Gartner study highlights disparity between supply chain leaders and staff
A recent Gartner study found that executives and employees have v...
Over a third of supply chain executive think they are leading change, says Gartner.
A recent Gartner study found that executives and employees have very different perceptions of their company’s capability in adapting to change. The survey stated that 36 percent of supply chain executives believe they are ready for the challenge, but only 13 percent of employees agree.
Gartner says that supply chain leaders must mobilise workforces to change business models, technologies, processes, and capabilities, and fully understand how their employees engage and support change in order to implement that change. Employees allegedly wish to be more closely connected with the purposes of change and to understand how it affects them.
Ken Chadwick, Research Director at Gartner, said: “To adapt and response on the fly to challenges their organisation faces, supply chain leaders must develop the organisation’s change capabilities. Being ‘change agile’, having the ability to design and adopt new ideas and changes quickly and completely should be the goal of supply chain leaders in the digital era.
“For the most effective change management strategy, communication is of paramount importance. Supply chain leaders need to create a communications plan that articulates the importance of working together towards a well-defined vision, and tailors messages and engagement methods to different audiences in order to successfully embrace new ways of working.”
“Supply chain leaders need to engage a team in a post-day-one folly up on system issues and training in order to keep employees moving to new business practices.”
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Ultium Cells LLC/Li-Cycle: Sustainable Battery Manufacturing
Ultium Cells LLC - a joint venture between General Motors and LG Energy Solutions - has announced its latest collaboration with Li-Cycle. Joining forces the two have set ambitions to expand recycling in North America, recycling up to 100% of the scrap materials in battery cell manufacturing
What is Ultium Cells LLC?
Announcing their partnership in December 2019, General Motors (GM) and LG Energy Solutions established Ultium Cells LLC with a mission to “ensure excellence of Battery Cell Manufacturing through implementation of best practices from each company to contribute [to the] expansion of a Zero Emission propulsion on a global scale.”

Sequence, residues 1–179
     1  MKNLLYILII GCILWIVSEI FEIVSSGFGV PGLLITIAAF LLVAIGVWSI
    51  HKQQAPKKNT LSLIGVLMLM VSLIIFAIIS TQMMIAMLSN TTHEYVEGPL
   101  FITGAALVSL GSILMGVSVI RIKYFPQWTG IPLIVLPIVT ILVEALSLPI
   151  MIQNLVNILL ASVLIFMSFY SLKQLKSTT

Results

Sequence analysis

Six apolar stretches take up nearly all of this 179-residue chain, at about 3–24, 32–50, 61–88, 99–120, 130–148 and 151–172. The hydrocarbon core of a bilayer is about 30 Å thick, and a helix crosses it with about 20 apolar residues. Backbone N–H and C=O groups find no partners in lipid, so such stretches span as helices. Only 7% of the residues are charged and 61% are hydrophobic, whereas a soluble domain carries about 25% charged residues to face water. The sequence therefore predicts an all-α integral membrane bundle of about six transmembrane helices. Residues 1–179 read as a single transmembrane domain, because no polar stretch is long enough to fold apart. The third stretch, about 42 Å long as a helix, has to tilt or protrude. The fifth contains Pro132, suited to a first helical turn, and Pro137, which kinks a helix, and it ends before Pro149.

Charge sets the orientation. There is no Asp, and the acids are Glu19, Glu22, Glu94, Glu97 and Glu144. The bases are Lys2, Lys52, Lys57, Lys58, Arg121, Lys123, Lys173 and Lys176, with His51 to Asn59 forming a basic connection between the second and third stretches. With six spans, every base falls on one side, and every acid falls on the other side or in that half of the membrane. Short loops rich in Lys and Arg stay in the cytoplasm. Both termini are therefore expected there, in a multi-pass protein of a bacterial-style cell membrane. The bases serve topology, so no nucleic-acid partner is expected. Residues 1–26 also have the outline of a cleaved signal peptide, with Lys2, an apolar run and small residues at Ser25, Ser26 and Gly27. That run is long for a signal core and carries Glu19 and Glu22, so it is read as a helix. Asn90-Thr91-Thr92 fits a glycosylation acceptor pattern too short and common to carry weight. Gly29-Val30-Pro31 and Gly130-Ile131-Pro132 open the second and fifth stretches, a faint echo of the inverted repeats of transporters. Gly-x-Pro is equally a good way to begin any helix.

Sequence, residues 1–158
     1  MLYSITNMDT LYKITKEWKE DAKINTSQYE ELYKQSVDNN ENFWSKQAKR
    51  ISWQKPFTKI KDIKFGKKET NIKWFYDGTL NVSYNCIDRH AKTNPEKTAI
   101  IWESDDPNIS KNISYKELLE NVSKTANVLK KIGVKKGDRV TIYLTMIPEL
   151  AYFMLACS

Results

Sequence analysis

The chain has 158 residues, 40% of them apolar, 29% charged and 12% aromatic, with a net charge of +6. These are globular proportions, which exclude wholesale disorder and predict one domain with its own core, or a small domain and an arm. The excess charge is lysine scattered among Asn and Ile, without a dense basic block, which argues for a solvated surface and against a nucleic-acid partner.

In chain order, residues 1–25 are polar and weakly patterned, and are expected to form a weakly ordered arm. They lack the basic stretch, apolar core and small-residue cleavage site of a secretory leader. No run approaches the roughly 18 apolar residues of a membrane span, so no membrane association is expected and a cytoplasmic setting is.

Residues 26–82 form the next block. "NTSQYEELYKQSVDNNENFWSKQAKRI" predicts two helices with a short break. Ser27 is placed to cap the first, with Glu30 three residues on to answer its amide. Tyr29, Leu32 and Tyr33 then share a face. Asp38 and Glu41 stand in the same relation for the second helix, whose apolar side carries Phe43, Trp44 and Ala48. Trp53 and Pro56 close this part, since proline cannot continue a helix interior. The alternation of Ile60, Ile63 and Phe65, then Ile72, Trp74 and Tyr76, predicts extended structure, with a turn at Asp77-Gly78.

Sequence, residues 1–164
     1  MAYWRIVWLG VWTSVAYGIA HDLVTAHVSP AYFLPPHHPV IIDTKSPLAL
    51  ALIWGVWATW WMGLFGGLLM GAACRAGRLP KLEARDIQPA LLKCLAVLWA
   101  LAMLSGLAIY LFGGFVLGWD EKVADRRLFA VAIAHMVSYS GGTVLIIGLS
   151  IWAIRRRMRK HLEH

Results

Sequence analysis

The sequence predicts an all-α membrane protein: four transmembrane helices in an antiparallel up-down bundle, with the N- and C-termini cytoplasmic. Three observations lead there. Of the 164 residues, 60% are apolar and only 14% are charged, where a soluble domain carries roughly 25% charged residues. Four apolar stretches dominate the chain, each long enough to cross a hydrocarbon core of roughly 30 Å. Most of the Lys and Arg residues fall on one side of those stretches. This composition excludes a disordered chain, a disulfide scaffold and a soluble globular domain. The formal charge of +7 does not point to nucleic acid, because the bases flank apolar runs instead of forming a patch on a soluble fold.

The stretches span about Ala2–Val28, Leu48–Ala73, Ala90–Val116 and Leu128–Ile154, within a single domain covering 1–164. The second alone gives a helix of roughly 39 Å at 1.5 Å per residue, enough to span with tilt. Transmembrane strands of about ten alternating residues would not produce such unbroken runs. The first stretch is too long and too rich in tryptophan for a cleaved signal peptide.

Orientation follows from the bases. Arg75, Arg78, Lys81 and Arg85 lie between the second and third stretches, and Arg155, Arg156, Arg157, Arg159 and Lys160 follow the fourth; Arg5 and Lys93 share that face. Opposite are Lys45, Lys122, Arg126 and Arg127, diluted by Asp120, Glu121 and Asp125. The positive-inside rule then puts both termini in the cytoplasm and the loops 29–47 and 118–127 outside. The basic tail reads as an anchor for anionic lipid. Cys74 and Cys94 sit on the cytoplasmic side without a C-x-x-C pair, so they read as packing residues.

Who is Li-Cycle?
Founded in 2016, Li-Cycle leverages innovative solutions to address emerging and urgent challenges around the world.
As the use of Lithium-ion rechargeable batteries in automotive, industrial energy storage, and consumer electronic applications rises, Li-Cycle believes that “the world needs improved technology and supply chain innovations to better recycle these batteries, while also meeting the rapidly growing demand for critical and scarce battery-grade materials.”
Why are Ultium Cells LLC and Li-Cycle join forces?
By joining forces to expand the recycling of scrap materials in battery cell manufacturing in North America, the new recycling process will allow Ultium Cells LLC to recycle cobalt, nickel, lithium, graphite, copper, manganese and aluminum.
“95% of these materials can be used in the production of new batteries or for adjacent industries,” says GM, who explains that the new hydrometallurgical process emits 30% less greenhouse gases (GHGs) than traditional processes, minimising the environmental impact. Use of this process will begin later in the year (2021).
"Our combined efforts with Ultium Cells will be instrumental in redirecting battery manufacturing scrap from landfills and returning a substantial amount of valuable battery-grade materials back into the battery supply chain. This partnership is a critical step forward in advancing our proven lithium-ion resource recovery technology as a more sustainable alternative to mining, " said Ajay Kochhar, President, CEO and co-founder of Li-Cycle.
"GM's zero-waste initiative aims to divert more than 90% of its manufacturing waste from landfills and incineration globally by 2025. Now, we're going to work closely with Ultium Cells and Li-Cycle to help the industry get even better use out of the materials,” added Ken Morris, Vice President of Electric and Autonomous Vehicles, GM.
Since 2013, GM has recycled or reused 100% of the battery packs it has received from customers, with most current GM EVs repaired with refurbished packs.
"We strive to make more with less waste and energy expended. This is a crucial step in improving the sustainability of our components and manufacturing processes,” concluded Thomas Gallagher, Chief Operating Officer, Ultium Cells LLC.